First Maccabees is written in the straightforward style of historical narrative filled with realistic detail. Scholars consider it the most reliable historical resource for the study of the Maccabean revolt. The author used both Jerusalem archives and Seleucid annals; diplomatic correspondence and royal edicts are cited fourteen times in the book. Oral traditions of Jewish history probably supplemented these written sources. Following the conventions of both biblical and Hellenistic historiography, the author placed eloquent speeches on the lips of major characters at critical points in the narrative. These compositions provide clues to some of the important religious themes in the book. The author used the Jewish scriptures as a literary model for his story. The book is organized in the manner of the historical books of the Hebrew Bible, which tend to mark periods in Israel's history by the deaths of divinely appointed deliverers (Josh 1.1; Judg 1.1; 2 Sam 1.17; 1 Kings 11.41–43 ). In 1 Maccabees the reader is clearly guided by refrains signaling the peaceful passing of leadership from one member of the Hasmonean family to the next ( 2.69–70; 9.19–22; 13.25–30 ). There are no accounts of miraculous interventions, but the author believes that God was working through the Maccabees, as he did through the deliverers in Israel ( 5.62; cf. Judg 2.16; 6.14 ).
Frequent allusions to Israel's history and the use of biblical vocabulary guide the reader to see Mattathias and his sons as heirs of biblical heroes. Mattathias is portrayed in language that evokes the stories of Phinehas ( 2.23–26; Num 25.6–9 ) and Jacob ( 2.49–70; Gen 49 ), while Judas is likened to Jonathan son of Saul ( 3.16–22; 1 Sam 14.6 ) and to Solomon ( 4.52–58; 1 Kings 8 ). Even a simple phrase like “he tore down their altars” ( 5.68 ) evokes the story of Gideon (Judg 6.25 ) and the commands of Moses (Deut 7.5; 12.3 ). The use of anachronistic terms like “Philistines” and “Israel” link the Maccabean battles with the times of Joshua and David. The most overt guides for the reader are the ten poetic pieces scattered throughout the narrative. Their vocabulary and style evoke the poetry of ancient Israel, especially the Psalms, and their allusions often bring to mind the destruction of Jerusalem by the Babylonians in 586 bce. Like several poems embedded in narratives of the Hebrew Bible (for example, Ex 15; 1 Sam 2; 2 Sam 1; 22 ), they provide the reader with theological commentary on the action of the story. In short, the author has interpreted the history of the Maccabean revolt as corresponding to earlier biblical models.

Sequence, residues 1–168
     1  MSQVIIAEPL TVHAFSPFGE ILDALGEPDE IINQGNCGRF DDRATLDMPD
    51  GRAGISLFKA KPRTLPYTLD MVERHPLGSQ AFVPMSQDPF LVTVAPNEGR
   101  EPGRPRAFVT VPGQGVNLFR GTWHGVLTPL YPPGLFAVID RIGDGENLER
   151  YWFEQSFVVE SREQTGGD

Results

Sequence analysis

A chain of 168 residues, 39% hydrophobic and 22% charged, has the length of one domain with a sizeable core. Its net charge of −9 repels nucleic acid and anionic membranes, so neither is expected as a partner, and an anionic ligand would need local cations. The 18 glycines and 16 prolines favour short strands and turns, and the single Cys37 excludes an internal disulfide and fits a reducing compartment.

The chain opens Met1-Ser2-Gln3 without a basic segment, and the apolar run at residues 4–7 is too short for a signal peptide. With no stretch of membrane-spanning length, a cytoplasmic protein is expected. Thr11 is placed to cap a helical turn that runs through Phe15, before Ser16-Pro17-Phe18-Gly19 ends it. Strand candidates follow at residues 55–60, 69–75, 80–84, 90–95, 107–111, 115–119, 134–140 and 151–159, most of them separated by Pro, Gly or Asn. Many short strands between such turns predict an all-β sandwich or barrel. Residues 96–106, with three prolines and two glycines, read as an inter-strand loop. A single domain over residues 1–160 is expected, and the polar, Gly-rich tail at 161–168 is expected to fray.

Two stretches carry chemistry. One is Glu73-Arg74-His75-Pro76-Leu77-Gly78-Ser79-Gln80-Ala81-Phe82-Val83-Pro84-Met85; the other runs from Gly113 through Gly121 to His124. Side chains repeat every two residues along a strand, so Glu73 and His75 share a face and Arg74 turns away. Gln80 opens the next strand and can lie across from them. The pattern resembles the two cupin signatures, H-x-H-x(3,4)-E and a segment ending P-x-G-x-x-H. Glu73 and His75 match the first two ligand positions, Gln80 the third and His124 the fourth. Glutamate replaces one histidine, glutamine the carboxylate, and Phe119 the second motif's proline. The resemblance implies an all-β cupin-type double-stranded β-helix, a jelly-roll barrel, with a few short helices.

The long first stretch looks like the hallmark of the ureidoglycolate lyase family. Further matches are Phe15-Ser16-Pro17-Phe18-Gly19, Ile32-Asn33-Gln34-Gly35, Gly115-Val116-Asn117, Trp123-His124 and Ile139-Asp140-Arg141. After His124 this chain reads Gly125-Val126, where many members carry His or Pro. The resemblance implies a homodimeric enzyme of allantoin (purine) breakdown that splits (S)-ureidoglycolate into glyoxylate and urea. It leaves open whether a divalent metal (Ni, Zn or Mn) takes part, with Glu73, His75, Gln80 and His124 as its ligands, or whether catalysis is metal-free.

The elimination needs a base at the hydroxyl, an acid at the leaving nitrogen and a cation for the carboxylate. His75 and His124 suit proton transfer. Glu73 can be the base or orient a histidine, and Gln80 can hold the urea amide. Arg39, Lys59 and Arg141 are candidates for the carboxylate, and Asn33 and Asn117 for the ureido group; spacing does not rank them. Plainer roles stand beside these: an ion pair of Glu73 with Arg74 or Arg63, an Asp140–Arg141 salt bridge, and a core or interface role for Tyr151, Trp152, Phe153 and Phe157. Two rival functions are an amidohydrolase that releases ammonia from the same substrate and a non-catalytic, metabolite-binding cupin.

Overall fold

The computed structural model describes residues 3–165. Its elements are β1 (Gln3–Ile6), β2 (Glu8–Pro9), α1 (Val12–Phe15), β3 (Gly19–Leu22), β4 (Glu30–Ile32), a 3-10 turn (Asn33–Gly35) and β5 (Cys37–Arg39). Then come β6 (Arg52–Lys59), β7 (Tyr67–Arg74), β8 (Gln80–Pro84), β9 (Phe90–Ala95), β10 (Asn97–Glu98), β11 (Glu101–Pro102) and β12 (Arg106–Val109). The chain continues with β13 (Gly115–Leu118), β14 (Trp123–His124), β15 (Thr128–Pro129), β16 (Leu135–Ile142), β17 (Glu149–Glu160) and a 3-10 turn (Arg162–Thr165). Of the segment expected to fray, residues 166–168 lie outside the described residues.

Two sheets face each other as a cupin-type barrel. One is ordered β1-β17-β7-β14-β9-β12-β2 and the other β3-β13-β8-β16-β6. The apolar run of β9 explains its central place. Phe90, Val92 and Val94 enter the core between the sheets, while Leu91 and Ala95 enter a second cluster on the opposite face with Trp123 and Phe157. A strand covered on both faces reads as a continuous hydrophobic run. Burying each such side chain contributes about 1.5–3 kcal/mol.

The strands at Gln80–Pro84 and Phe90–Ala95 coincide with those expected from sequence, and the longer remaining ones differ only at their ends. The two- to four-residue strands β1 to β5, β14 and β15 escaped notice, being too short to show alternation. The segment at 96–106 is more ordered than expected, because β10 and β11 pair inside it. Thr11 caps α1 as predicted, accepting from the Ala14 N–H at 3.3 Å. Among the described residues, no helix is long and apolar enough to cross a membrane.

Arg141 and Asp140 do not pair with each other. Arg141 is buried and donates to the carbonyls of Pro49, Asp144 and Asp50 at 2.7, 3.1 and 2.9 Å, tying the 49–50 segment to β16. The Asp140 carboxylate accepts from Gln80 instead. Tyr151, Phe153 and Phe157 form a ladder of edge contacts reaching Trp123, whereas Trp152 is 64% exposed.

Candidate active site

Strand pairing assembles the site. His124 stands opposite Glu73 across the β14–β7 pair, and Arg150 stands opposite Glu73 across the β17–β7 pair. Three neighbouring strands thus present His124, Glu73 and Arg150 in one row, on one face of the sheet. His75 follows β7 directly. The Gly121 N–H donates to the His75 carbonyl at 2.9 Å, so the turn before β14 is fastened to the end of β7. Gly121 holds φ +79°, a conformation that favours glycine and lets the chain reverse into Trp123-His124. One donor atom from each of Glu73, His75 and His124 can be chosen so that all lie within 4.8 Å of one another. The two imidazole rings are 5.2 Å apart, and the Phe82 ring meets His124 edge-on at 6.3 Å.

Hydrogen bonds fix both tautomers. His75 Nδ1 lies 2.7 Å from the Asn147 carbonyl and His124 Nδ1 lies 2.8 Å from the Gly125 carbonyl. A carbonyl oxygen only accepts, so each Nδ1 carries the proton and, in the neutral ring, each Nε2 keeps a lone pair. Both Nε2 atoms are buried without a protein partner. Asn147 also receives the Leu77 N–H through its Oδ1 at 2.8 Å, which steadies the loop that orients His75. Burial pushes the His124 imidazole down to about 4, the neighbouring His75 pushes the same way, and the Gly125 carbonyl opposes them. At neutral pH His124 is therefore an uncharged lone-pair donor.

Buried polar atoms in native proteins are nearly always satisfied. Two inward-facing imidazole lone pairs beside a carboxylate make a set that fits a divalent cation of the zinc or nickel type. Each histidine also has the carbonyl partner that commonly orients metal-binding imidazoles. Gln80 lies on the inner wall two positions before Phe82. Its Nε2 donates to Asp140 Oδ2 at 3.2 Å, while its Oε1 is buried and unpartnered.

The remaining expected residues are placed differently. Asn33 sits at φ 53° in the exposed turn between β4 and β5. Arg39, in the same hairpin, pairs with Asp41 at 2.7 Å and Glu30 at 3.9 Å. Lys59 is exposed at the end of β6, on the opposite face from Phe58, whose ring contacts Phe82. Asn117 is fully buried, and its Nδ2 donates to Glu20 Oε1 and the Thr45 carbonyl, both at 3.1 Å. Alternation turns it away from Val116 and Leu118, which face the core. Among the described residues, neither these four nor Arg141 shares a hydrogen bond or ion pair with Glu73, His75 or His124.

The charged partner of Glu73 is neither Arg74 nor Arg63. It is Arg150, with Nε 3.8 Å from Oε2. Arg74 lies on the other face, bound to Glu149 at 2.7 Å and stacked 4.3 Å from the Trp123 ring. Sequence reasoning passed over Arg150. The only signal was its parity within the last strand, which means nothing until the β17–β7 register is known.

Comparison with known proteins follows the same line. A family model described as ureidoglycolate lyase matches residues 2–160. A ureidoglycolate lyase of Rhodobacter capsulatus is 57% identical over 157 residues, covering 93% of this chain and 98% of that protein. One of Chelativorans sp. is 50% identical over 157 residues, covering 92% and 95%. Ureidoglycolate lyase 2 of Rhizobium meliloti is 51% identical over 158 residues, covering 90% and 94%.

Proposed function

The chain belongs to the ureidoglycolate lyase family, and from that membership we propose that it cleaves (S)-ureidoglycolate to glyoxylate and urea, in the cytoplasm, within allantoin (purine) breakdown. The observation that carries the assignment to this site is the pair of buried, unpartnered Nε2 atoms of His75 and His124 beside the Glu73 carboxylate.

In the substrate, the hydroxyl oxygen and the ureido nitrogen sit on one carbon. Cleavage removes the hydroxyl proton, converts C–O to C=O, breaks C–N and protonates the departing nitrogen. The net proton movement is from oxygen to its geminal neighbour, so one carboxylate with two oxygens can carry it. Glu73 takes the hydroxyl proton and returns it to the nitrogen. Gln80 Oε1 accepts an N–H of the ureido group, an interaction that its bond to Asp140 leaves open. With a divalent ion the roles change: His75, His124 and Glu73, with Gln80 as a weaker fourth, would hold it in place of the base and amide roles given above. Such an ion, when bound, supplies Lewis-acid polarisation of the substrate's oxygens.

The work was written between the rule of John Hyrcanus I (134–104 bce), the son of Simon, introduced at the end of the book ( 13.53; 16.1–24 ), and the conquest of Jerusalem in 63 bce by the Roman general Pompey. The earliest known manuscripts are from the fourth and fifth centuries ce in Greek and Latin. Scholars since the fifth century have noticed that the Greek of 1 Maccabees reads like a translation from Hebrew, almost certainly the book's original language. The book is considered canonical by Roman Catholics and Orthodox Christians, but is listed among the Apocrypha by Protestants. Although it is also not part of the Jewish canon, it is an important religious text describing the origin of the festival of Hanukkah, the rededication of the Temple in 164 bce.
Chapter. 23077 words.
Subjects: Religious Studies ; Biblical Studies